I’m Kit Lawrence, engineering geologist in the Christchurch office of AECOM (Architecture, Engineering, Consulting, Operations and Maintenance).

My job is to provide geological and geotechnical advice and expertise to a wide range of clients for projects they are undertaking. This can include; geotechnical investigations to determine the likely ground conditions; evaluating geological and geotechnical risks such as liquefaction, settlement, and slope stability; concept, preliminary, and detailed design of new foundations, pavements, retaining walls, and mitigation to identified hazards.

The best thing about my job is that I’m constantly having to learn new things. Whether it be a new form of analysis, a type of investigation I haven’t done yet, dealing with clients and people in different ways, or improving the way I do simple things, I am always learning.

The hardest part? The projects I work on often come with very tight deadlines and are rarely negotiable. This can cause a bit of stress at times, and can mean working long hours, but is all part of the challenge and definitely helps develop good organisational skills!

Inter-personal skills form a big part of my job, alongside having the technical skills and background necessary for the role. At the end of the day, my job is as part of a team and working effectively within that team to achieve great results for our clients.

There are two distinct parts of my job; one is the work environment of being part of a large global consultancy, and the other is working as an engineering geologist. You will enjoy consultancy if you are interested in working in a changing industry, on a wide range of projects, working as part of a team, and applying your technical knowledge to help create projects. You will enjoy engineering geology if you like to mix office work with field work, have an interest in geology, have good communication skills to help when managing site works, enjoy variety in your work and don’t mind getting dirty.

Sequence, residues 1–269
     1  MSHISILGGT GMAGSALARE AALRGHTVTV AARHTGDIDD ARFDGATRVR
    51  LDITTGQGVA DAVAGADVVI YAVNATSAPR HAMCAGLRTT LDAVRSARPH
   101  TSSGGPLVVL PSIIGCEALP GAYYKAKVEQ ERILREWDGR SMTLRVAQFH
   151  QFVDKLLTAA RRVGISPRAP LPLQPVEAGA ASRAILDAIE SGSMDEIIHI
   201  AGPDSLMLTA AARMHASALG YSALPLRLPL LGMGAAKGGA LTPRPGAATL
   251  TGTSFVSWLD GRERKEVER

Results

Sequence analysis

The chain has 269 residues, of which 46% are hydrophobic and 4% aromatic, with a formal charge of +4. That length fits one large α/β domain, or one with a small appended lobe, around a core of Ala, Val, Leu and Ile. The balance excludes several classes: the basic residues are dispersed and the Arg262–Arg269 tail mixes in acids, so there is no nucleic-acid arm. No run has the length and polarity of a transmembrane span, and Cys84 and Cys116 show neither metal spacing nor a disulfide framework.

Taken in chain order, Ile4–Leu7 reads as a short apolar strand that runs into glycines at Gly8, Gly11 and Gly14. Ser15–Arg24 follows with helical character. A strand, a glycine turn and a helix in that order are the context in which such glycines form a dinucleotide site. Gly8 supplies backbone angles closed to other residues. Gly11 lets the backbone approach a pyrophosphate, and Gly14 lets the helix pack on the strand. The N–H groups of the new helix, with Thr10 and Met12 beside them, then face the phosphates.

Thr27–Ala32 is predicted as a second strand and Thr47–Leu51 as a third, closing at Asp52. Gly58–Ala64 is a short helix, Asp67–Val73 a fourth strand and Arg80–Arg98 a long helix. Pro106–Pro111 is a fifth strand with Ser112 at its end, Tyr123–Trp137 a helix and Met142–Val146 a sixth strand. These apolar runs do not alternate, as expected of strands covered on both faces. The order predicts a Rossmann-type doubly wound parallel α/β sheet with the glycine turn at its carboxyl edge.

Kit Lawrence, livin' the dream!

Kit Lawrence, livin’ the dream!

I got into engineering geology through the course of my study, rather than actively pursuing it from the start. Growing up, I always enjoyed geology and found I was reasonably good at it, along with other sciences and maths. At The University of Waikato, I took some introductory papers along with physics and maths – this was a really broad spread of topics because I didn’t really know what I wanted to do. Then as I progressed, I found more types of engineering within geology and I found a topic I really enjoyed studying. Towards the end of my degree I heard about engineering geology and geotechnical engineering and thought it sounded like a good way to apply the skills I had learnt, and to develop other skills in a similar field.

It’s quite hard to define a ‘typical’ day, because it really depends on the type and stage of project I’m working on. Most commonly, my day might include a small amount of project management, some form of analysis or assessment, report writing, and – depending on the stage of a project – organising and undertaking site work. But there are also times when I am doing proposal development, talking with clients, undertaking long periods of varied site work, and working with other teams within AECOM.

My work hours are generally 8:00am to 5:00pm, but depending on the particular project this can change. For example, I worked for six months in Saudi Arabia, working ten hours a day, six days a week!

Probably the coolest thing about Saudi Arabia was getting to know some of the local guys who were helping us get around. Eventually one of them took me and a colleague back to his place to meet his family for lunch. It was a really strange experience as his family didn’t speak any English and he only spoke a few words of English. With the few words of Arabic we had learnt we managed to have a conversation and an absolutely huge lunch.

If you’d like a job like this, my advice is to get a reasonably broad knowledge. There are so many different types of work in this field so it’s good to have at least a basic understanding of the type of investigation, testing, design and parameters you might be using. And be prepared to work in a team and build strong professional relationships – this is a key part of life in a consultancy within the engineering and construction industry.